"Genocides have become a key characteristic of the modern world and are prevalent and continuing across the globe today. Students who learn about these forms of mass murder, the motivations of the perpetrators, the responses of victim populations, the acts of the few rescuers and inactions of the much large number of bystanders also gain valuable analytical skills in determining involvement of their own national governments and the international community, as well as strategies in genocide prevention."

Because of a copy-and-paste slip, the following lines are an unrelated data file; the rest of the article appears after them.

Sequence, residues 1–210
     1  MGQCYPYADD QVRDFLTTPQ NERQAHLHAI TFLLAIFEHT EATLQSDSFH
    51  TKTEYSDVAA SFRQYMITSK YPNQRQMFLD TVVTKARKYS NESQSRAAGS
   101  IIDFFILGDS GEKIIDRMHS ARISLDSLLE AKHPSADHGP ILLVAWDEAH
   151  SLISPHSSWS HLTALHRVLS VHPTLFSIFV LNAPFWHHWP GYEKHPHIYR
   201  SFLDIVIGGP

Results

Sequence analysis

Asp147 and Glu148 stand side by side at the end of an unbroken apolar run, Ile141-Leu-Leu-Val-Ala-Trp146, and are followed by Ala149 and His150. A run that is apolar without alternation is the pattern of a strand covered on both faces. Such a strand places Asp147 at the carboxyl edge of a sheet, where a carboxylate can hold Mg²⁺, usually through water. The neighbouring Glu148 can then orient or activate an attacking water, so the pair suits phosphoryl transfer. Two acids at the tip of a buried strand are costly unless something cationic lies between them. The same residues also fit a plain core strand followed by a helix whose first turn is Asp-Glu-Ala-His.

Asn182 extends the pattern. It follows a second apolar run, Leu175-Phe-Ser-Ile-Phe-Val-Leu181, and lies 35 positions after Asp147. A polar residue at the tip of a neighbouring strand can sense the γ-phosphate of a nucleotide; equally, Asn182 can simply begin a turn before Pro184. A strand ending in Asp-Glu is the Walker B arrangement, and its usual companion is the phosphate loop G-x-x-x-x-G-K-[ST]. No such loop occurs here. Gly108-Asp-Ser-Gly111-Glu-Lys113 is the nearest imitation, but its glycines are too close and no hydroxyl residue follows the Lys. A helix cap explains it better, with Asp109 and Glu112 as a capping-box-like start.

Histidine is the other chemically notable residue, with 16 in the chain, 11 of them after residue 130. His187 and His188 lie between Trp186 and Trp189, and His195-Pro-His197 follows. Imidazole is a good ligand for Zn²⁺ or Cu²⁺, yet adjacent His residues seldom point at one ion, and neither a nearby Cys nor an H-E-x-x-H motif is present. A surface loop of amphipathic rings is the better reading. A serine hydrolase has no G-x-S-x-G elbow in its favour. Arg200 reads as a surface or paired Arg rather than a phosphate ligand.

Dr. Pegelow Kaplan is a graduate of Eberhard-Karls University Tübingen, Germany where he obtained a B.A. equivalent in English and History. He earned his Ph.D and M.A. in Modern European History from the University of North Carolina at Chapel Hill. Dr. Pegelow Kaplan's research focuses on histories of violence, language, and culture of Nazi Germany and Nazi-occupied Europe and the 1960s global youth revolts. His broader project is a linguistic history of comparative genocide in the modern world. He is the author of The Language of Nazi Genocide: Linguistic Violence and the Struggle of Germans of Jewish Ancestry (Cambridge University Press), which explores how words preceded, accompanied, and made mass murder possible. Dr. Pegelow Kaplan is the co-editor (with Wolf Gruner) of Resisting Persecution: Jews and Their Petitions during the Holocaust that presents a profound reinterpretation of Jewish petitioning practices. Anything but futile, the entreaties by tens of thousands of Jews in German-controlled Europe helped their authors to reassert their agency and withstand the Nazi onslaughts. Even eventually rejected entreaties gave the petitioners time to explore alternative strategies and played a crucial role in their struggle for survival. He has also co-edited (with Jürgen Matthäus and Mark Hornburg) Beyond "Ordinary Men": Christopher R. Browning and Holocaust Historiography . The collection reassesses the complex ways in which Browning's influential oeuvre has shaped the field and was shaped by it. Dr. Pegelow Kaplan is currently working on a study entitled Taking the Transnational Turn: The German Jewish Press and Journalism Beyond Borders, 1933-1943 (accepted for publication in Hebrew by Yad Vashem), which offers a new view on the Jewish press and journalists in Nazi Germany. The work demonstrates how many Jewish periodicals participated in establishing transnational spaces, in which their readers had access to trans-European and global networks, verbiage, strategies, and support. In addition, Dr. Pegelow Kaplan is completing a book on the interactions between leftist protest movements in West Germany and the United States from the 1950s until the early 1980s, their changing imageries and verbiage of past and current mass crimes such as black genocide, and the impact on their societies' memory cultures. The book challenges distorted political and scholarly readings of left-wing groups, ranging from "left-wing fascists" to gun-toting separatists and "criminals," by shifting the focus to the increasingly transnational activists' naming and mnemonic practices that had far-flung influences, also on political organizing and culture today.